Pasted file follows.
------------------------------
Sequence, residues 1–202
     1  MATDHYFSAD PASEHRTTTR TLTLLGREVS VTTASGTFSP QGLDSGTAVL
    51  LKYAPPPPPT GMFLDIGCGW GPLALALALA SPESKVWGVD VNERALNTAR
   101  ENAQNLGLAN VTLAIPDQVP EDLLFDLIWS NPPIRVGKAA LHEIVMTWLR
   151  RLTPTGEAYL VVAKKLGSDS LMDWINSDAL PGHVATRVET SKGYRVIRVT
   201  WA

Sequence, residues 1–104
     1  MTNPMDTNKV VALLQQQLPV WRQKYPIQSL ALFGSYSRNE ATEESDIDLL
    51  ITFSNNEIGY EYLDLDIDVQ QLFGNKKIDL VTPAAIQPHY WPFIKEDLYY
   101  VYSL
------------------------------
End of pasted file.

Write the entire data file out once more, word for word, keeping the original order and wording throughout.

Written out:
Sequence, residues 1–202
     1  MATDHYFSAD PASEHRTTTR TLTLLGREVS VTTASGTFSP QGLDSGTAVL
    51  LKYAPPPPPT GMFLDIGCGW GPLALALALA SPESKVWGVD VNERALNTAR
   101  ENAQNLGLAN VTLAIPDQVP EDLLFDLIWS NPPIRVGKAA LHEIVMTWLR
   151  RLTPTGEAYL VVAKKLGSDS LMDWINSDAL PGHVATRVET SKGYRVIRVT
   201  WA

Sequence, residues 1–104
     1  MTNPMDTNKV VALLQQQLPV WRQKYPIQSL ALFGSYSRNE ATEESDIDLL
    51  ITFSNNEIGY EYLDLDIDVQ QLFGNKKIDL VTPAAIQPHY WPFIKEDLYY
   101  VYSL